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# converges uniformly and converge pointwise watch

1. a) Show converges pointwise to
b) Show does not converge uniformly to
2. (Original post by vanessa_tram)

a) Show converges pointwise to
b) Show does not converge uniformly to
What have you tried?
3. (Original post by Zacken)
What have you tried?
this is how I did it ( note epsilon is "e"
a) given , take . Then for n>= N we have

take x = n then we obtain

b) suppose converges uniformly to . Then there exist N such that for all and for all n>= N we have

i stopped ther because i realised i was doing it very similar way to (a) , I dont really understand the difference between converges uniformly and converges pointwise
4. (Original post by vanessa_tram)

i stopped ther because i realised i was doing it very similar way to (a) , I dont really understand the difference between converges uniformly and converges pointwise
I'll have a look at your proof in a sec, but for now - I found that a really good example of the difference pointwise and uniform convergence and how to prove each one in turn is located here. :-)
5. (Original post by Zacken)
I'll have a look at your proof in a sec, but for now - I found that a really good example of the difference pointwise and uniform convergence and how to prove each one in turn is located here. :-)
thank you
6. (Original post by vanessa_tram)
thank you
Let me know if it makes sense!
7. (Original post by Zacken)
Let me know if it makes sense!
if like what it said from the link, then what i have done for (a) should be for (b) and change to to get contradiction. then to show pointwise we have to choose x, i dont know what x to choose.
8. (Original post by vanessa_tram)
if like what it said from the link, then what i have done for (a) should be for (b) and change to to get contradiction. then to show pointwise we have to choose x, i dont know what x to choose.
To show pointwise, work backwards from the fact that to find a suitable as a function of and . Then re-write your proof in the forward direction.
9. (Original post by Zacken)
To show pointwise, work backwards from the fact that to find a suitable as a function of and . Then re-write your proof in the forward direction.
yes, i always work backward to find my N, but as we said in term of x, then u think my first line for (a) was right? from there say
so for that "< e" we choose so
10. (Original post by vanessa_tram)
yes, i always work backward to find my N, but as we said in term of x, then u think my first line for (a) was right? from there say
so for that "< e" we choose so
That seems to work, that gets us .

Then again, I'm just a puny A-Level student and prone to errors.
11. (Original post by Zacken)
That seems to work, that gets us .

Then again, I'm just a puny A-Level student and prone to errors.
omg, r u serious, u r really good, ur knowledge is far better than a level students. i though u were doing Phd
12. (Original post by vanessa_tram)
omg, r u serious, u r really good, ur knowledge is far better than a level students. i though u were doing Phd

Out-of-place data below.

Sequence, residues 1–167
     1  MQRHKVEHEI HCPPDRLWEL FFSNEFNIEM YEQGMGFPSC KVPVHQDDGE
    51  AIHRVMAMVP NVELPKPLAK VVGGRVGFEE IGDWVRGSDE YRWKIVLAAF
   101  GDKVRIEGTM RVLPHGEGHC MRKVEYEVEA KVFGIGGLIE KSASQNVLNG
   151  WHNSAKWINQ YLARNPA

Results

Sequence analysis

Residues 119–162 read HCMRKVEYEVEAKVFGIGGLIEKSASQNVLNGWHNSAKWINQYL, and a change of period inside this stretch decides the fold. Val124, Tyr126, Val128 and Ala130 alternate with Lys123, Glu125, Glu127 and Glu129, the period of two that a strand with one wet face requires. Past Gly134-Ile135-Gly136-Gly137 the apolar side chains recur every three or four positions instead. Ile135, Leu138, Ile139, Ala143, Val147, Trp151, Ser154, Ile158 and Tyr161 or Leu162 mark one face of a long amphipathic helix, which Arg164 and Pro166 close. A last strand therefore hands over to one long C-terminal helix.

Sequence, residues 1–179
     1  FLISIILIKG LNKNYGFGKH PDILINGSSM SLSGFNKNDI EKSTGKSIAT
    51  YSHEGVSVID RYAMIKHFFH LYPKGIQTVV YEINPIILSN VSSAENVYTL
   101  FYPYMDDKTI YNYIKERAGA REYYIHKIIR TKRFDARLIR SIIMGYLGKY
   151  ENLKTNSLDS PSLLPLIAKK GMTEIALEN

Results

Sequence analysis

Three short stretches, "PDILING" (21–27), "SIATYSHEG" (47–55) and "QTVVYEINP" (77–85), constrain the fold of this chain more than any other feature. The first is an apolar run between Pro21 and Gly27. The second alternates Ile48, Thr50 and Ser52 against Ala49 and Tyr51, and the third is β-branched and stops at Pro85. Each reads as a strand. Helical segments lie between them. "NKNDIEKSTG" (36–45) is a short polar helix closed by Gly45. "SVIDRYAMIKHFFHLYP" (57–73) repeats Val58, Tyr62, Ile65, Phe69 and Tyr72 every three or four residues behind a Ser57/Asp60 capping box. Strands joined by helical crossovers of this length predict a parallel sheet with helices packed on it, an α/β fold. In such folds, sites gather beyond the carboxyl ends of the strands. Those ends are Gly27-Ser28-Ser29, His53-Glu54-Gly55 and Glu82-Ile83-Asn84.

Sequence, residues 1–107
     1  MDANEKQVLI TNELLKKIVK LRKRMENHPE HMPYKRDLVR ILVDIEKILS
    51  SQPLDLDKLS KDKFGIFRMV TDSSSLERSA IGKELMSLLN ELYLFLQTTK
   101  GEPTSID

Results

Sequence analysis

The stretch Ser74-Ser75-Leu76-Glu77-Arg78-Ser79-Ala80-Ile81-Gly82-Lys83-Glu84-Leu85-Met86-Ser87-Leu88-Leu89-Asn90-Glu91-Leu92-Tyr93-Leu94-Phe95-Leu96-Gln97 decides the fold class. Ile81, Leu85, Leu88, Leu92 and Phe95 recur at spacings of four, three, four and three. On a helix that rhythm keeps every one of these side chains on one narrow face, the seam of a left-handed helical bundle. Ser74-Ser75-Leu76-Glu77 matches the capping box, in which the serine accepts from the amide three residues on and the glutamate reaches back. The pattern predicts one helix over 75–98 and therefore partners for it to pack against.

Haha, thanks. But FWIW, I think you're correct with - if I'm wrong, somebody will jump in and correct me soon enough, hopefully!
13. (Original post by Zacken)
Haha, thanks. But FWIW, I think you're correct with - if I'm wrong, somebody will jump in and correct me soon enough, hopefully!
ok, i will come to my lecturer so he can check them again, but thank you so much mate.
14. (Original post by vanessa_tram)
ok, i will come to my lecturer so he can check them again, but thank you so much mate.
No problem!
15. (Original post by vanessa_tram)
ok, i will come to my lecturer so he can check them again, but thank you so much mate.
Yes, this is all correct. The point about uniform convergence is that the value of depends on . So, the convergence would be uniform if you restrict attention to any compact subset of , as the value of would itself be bounded. But if you are dealing e.g. with the whole of , then it would not. To finish off the proof of non-uniform convergence, derive a contradiction: "suppose there were an independent of ..."
16. (Original post by Gregorius)
Yes, this is all correct. The point about uniform convergence is that the value of depends on .
Wait, what? I thought that was pointwise convergence?
17. (Original post by Zacken)
Wait, what? I thought that was pointwise convergence?
Ah, poor use of language on my behalf. If I said "When we turn to the question of uniform convergence, the issue is the fact that the value of N we have calculated for point-wise convergence depends upon x", would that be clearer?
18. (Original post by Gregorius)
Ah, poor use of language on my behalf. If I said "When we turn to the question of uniform convergence, the issue is the fact that the value of N we have calculated for point-wise convergence depends upon x", would that be clearer?
Ah, I see. So proving pointwise doesn't help us one lick for proving uniform. But the converse is true?
19. (Original post by Zacken)
Ah, I see. So proving pointwise doesn't help us one lick for proving uniform. But the converse is true?
Yup. Uniform implies pointwise.
20. (Original post by Gregorius)
Yup. Uniform implies pointwise.
Thanks!

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